Creep is the tendency of a solid material to slowly move or deform permanently under the influence of stresses. It occurs as a result of long term exposure to levels of stress that are below the yield strength or ultimate strength of the material. Creep is more severe in materials that are subjected to heat for long periods, and near the melting point. It is often observed in glasses. Creep always increases with temperature.
The rate of this deformation is a function of the material properties, exposure time, exposure temperature and the applied load (stress). Depending on the magnitude of the applied stress and its duration, the deformation may become so large that a component can no longer perform its function — for example creep of a turbine blade will cause the blade to contact the casing, resulting in the failure of the blade. Creep is usually of concern to engineers and metallurgists when evaluating components that operate under high stresses or high temperatures. Creep is not necessarily a failure mode, but is instead a deformation mechanism. Moderate creep in concrete is sometimes welcomed because it relieves tensile stresses that otherwise may have led to cracking.
Unlike brittle fracture, creep deformation does not occur suddenly upon the application of stress. Instead, strain accumulates as a result of long-term stress. Creep deformation is "time-dependent" deformation.
The temperature range in which creep deformation may occur differs in various materials. For example, Tungsten requires a temperature in the thousands of degrees before creep deformation can occur while ice formations such as the Antarctic ice cap will creep in freezing temperatures. Generally, the minimum temperature required for creep deformation to occur is 30% of the melting point for metals and 40–50% of melting point for ceramics. Virtually any material will creep upon approaching its melting temperature. Since the minimum temperature is relative to melting point, creep can be seen at relatively low temperatures for some materials. Plastics and low-melting-temperature metals, including many solders, creep at room temperature as can be seen markedly in old lead hot-water pipes. Planetary ice is often at a high temperature relative to its melting point, and creeps.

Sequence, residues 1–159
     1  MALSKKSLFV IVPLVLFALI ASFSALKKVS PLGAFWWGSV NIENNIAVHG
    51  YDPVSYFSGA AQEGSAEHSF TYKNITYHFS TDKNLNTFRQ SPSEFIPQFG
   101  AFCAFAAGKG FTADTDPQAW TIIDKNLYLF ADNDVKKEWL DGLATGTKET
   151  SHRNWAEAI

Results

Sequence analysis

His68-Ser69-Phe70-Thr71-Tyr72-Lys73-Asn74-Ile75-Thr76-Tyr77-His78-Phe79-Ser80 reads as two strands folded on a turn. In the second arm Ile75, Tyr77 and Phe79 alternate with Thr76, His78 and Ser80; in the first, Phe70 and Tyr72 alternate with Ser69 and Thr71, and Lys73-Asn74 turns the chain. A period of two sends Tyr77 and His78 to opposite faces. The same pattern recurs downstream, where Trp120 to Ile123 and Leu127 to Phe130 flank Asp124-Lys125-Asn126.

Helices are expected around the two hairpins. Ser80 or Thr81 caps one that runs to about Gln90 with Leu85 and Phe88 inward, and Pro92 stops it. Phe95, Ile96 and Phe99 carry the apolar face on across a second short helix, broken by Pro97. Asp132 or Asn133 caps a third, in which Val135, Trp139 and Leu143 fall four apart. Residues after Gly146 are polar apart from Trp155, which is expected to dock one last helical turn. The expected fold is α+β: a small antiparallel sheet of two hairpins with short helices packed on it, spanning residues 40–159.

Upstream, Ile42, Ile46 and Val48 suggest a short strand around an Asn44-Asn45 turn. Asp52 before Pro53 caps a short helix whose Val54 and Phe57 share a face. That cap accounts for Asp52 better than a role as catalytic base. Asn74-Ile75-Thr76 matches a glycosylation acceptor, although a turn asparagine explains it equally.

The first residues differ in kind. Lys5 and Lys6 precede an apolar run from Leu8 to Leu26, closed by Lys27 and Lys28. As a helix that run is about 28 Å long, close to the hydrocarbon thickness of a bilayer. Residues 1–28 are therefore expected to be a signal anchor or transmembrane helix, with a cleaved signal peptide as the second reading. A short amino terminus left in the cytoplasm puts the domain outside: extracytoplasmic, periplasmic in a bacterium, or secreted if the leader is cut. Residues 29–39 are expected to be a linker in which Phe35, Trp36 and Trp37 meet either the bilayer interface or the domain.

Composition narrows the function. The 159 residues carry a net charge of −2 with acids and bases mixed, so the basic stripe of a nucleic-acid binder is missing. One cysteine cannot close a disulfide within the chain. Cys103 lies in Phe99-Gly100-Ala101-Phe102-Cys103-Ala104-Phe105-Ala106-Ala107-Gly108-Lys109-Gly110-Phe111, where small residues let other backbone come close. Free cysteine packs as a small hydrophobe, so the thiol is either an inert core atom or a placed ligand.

Creep deformation is important not only in systems where high temperatures are endured such as nuclear power plants, jet engines and heat exchangers, but also in the design of many everyday objects. For example, metal paper clips are stronger than plastic ones because plastics creep at room temperatures. Aging glass windows are often erroneously used as an example of this phenomenon: measurable creep would only occur at temperatures above the glass transition temperature around 900°F/500°C.
An example of an application involving creep deformation is the design of tungsten lightbulb filaments. Sagging of the filament coil between its supports increases with time due to creep deformation caused by the weight of the filament itself. If too much deformation occurs, the adjacent turns of the coil touch one another, causing an electrical short and local overheating, which quickly leads to failure of the filament. The coil geometry and supports are therefore designed to limit the stresses caused by the weight of the filament, and a special tungsten alloy with small amounts of oxygen trapped in the crystallite grain boundaries is used to slow the rate of coble creep.
In steam turbine power plants, steam pipes carry superheated vapor at high temperatures (1050°F/566°C) and high pressures of 3500 psi (24.1 MPa) or greater. In modern jet engines, temperatures can reach up to 1400°C (2550°F) and initiate creep deformation in even advanced-coated turbine blades. Hence, it is crucial for safety's sake to understand creep deformation behavior of materials.